As Andy Elvin, Chief Executive at the charity Children and Families Across Borders, highlights, regardless of whether campaigning is central to the work of a charitable organisation, it is likely that they will engage in some form of lobbying or advocacy activities[ii]. The Charity Commission too, in their guidance, recognises “that campaigning and political activity can be legitimate and valuable activities for charities to undertake in furtherance of their purposes”[iii], with the caveat that such activities must be in accordance with the wider regulatory framework for UK charities, including a stipulation that work must be in line with the stated aims of the organisation, and they should not undertake activities that seek to influence the view of the public with regards to a particular political party.
Despite such official guidance, however, there are those who see charities engaging in campaigning and political activity as a distraction from their true purpose. For example, Conservative MP Brooks Newmark, who in September 2014, during his brief time as Minister for Civil Society, used his first major speech to criticise charities for their campaigning activities, claiming that such work diverted their attention away from helping people. He suggested that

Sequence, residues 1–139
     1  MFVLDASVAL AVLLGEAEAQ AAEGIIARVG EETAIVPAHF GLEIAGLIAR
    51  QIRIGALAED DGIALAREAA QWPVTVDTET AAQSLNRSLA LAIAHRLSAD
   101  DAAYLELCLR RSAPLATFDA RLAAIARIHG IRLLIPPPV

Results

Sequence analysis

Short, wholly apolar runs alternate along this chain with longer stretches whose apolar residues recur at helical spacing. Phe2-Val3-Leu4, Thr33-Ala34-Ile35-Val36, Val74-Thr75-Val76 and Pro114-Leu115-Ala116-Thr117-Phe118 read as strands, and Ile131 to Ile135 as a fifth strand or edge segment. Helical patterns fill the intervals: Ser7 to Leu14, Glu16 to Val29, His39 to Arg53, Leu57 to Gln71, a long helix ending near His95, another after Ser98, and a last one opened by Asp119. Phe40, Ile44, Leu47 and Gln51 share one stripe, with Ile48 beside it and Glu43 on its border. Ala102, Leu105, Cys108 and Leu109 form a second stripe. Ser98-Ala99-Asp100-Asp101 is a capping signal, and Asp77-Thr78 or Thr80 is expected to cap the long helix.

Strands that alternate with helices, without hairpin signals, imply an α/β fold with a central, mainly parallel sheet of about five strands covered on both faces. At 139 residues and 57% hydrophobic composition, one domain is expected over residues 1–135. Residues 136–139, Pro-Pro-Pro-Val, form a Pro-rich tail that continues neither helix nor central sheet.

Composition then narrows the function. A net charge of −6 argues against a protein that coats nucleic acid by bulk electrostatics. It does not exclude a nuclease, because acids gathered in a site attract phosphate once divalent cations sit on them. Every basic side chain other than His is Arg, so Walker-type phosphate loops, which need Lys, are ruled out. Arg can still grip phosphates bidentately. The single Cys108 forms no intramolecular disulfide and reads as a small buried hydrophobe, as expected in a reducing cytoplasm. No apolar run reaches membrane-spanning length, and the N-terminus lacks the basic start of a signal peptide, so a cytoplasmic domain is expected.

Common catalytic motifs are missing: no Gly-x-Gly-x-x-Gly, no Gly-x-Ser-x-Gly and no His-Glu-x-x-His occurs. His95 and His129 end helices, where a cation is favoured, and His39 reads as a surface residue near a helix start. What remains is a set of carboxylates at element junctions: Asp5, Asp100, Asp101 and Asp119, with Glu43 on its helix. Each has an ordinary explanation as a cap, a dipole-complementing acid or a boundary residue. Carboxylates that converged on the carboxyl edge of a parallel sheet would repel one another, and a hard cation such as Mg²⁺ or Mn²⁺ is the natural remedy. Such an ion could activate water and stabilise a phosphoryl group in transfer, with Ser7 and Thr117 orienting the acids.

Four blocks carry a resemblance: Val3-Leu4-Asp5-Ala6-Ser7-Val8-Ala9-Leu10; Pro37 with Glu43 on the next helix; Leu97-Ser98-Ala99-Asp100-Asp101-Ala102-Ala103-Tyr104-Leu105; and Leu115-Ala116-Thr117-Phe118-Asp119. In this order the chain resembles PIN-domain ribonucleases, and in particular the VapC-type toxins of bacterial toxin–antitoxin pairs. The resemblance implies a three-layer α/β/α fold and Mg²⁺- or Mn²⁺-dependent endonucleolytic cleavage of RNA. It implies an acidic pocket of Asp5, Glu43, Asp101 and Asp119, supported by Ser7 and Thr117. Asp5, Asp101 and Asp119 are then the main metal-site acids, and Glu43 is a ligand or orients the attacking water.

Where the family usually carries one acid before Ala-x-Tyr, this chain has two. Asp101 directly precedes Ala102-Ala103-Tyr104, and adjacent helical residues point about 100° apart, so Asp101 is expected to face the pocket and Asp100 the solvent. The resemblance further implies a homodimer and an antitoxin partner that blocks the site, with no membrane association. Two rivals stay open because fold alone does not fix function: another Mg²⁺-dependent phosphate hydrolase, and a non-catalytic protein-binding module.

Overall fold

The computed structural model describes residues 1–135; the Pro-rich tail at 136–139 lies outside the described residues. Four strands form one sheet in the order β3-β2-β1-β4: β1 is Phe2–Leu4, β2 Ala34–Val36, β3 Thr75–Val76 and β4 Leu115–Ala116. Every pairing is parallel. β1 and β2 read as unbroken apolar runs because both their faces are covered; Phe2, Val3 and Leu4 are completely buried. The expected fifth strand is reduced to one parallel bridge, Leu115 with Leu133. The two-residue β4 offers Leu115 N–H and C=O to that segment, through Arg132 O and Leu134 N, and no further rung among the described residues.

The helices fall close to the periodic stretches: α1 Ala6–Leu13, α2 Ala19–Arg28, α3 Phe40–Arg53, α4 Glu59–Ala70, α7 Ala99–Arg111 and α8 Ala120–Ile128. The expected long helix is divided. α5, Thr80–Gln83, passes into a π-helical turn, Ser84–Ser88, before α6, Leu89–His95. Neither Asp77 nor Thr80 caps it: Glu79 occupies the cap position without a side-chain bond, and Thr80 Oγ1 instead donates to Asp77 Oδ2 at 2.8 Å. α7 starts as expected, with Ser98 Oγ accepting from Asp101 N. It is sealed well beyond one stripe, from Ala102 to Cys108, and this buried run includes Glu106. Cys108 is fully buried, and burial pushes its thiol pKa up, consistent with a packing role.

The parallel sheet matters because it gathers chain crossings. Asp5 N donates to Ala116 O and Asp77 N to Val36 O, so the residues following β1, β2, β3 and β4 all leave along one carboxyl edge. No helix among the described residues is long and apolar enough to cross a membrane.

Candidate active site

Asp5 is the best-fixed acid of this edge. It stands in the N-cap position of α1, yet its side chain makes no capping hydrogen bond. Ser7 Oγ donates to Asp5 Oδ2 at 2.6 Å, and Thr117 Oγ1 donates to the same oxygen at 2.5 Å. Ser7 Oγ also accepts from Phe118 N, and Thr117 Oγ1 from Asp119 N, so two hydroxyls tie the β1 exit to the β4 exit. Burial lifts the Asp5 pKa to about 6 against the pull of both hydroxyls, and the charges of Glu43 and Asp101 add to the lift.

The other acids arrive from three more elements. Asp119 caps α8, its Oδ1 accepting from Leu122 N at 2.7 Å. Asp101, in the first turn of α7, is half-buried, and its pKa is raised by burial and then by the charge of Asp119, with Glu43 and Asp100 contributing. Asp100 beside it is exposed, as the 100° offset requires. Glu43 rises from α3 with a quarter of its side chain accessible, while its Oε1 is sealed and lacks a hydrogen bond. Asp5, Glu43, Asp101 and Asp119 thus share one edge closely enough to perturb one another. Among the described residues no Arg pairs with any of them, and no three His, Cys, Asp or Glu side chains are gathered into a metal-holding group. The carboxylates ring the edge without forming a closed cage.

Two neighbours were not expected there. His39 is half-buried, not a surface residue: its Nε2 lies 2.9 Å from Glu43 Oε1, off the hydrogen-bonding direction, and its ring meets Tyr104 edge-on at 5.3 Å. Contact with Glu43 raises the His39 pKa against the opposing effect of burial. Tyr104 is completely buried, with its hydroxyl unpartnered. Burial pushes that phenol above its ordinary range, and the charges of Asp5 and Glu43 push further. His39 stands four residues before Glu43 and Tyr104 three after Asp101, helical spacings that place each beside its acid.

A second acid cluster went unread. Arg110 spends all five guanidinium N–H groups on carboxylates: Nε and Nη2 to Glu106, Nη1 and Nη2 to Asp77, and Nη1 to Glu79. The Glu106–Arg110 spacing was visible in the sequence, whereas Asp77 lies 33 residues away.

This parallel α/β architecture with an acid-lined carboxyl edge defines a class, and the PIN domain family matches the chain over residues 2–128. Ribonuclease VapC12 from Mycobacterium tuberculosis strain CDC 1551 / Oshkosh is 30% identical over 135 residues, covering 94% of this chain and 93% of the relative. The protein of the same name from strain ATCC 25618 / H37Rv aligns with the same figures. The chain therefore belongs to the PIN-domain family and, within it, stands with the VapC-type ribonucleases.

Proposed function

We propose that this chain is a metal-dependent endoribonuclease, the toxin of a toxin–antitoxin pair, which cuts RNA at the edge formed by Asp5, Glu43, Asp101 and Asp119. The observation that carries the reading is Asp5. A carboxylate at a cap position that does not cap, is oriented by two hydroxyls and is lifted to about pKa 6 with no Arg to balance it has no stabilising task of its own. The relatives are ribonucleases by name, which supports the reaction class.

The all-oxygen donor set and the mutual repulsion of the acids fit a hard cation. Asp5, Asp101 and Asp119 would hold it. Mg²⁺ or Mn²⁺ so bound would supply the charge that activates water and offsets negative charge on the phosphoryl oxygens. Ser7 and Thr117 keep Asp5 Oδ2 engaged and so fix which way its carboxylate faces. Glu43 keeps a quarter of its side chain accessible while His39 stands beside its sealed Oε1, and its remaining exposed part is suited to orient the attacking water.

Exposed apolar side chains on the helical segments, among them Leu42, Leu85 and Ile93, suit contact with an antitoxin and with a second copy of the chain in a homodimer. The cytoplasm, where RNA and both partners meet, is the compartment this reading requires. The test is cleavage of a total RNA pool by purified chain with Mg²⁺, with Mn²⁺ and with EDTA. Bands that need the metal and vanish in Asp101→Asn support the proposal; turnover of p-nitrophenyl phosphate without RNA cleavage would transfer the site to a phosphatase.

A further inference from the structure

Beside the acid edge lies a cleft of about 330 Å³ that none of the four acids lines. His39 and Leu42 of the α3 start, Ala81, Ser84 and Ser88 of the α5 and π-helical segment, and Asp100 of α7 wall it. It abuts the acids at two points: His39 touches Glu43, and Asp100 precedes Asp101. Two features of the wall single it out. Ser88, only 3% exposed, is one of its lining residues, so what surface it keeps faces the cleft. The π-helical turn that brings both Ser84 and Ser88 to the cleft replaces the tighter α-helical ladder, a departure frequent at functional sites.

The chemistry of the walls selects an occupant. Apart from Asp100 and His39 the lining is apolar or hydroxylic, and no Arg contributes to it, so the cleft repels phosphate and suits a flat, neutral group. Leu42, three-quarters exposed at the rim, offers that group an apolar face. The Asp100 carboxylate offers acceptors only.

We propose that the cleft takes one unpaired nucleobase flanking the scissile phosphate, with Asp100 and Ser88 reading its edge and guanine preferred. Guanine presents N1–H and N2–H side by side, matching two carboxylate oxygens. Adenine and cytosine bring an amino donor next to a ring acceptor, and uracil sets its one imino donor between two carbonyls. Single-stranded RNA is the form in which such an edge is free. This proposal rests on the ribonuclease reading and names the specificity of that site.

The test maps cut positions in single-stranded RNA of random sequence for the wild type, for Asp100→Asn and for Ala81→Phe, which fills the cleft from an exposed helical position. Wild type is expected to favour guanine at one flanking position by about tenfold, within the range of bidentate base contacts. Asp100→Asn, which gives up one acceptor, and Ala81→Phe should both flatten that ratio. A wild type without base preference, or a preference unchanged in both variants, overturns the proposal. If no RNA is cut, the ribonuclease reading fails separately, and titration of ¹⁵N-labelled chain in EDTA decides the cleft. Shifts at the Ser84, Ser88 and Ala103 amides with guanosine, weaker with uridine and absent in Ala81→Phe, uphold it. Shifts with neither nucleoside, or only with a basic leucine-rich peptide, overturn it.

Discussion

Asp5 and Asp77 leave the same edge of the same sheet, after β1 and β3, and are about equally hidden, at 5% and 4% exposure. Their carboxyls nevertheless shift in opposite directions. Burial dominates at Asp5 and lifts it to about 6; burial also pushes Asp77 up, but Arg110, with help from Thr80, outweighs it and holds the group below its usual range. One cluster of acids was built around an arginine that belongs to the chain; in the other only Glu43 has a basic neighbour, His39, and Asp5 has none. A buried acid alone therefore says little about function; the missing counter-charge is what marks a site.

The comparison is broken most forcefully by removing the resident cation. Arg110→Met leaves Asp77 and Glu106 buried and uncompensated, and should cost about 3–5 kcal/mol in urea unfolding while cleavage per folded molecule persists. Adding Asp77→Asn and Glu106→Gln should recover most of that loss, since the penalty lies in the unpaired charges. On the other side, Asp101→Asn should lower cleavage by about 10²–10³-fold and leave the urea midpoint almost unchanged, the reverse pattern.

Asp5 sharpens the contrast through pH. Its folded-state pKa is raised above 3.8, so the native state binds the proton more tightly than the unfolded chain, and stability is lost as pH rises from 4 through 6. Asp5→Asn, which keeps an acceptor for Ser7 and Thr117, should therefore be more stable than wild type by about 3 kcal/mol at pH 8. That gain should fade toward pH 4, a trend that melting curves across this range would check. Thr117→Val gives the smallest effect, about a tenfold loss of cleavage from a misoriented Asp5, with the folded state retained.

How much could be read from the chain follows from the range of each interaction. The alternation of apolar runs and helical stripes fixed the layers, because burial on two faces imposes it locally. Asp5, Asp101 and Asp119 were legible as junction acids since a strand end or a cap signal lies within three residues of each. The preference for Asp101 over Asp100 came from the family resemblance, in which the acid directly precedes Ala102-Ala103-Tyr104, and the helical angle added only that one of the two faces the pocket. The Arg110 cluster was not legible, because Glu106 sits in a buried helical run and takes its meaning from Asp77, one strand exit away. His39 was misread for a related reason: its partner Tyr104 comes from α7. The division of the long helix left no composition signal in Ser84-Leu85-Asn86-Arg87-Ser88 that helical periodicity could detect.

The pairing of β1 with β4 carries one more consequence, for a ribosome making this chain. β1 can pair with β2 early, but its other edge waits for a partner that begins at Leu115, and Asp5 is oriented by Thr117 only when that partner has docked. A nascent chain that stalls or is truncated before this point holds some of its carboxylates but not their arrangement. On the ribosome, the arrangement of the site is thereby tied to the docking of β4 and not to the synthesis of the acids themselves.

“The important thing charities should be doing is sticking to their knitting and doing the best they can to promote their agenda, which should be about helping others.”[iv]
These comments quickly garnered criticism from across the charity sector, with Frances Crook, CEO of the Howard League for Penal Reform, branding his statement both insulting and sexist. This perhaps taps into widespread public misconceptions about charities and their work. While the various objectives of charities vary enormously, the common theme which binds them all is that they seek to make change happen. Whether that change is for the personal circumstances of a group of individuals, the protection from threats for a particular place, or legal and regulatory reform at the national or international level, each organisation will have their own theory of change; a conceptual model that identifies how and why the situation their work seeks to address comes about, and how the charity can, through its work, prevent or remedy these circumstances.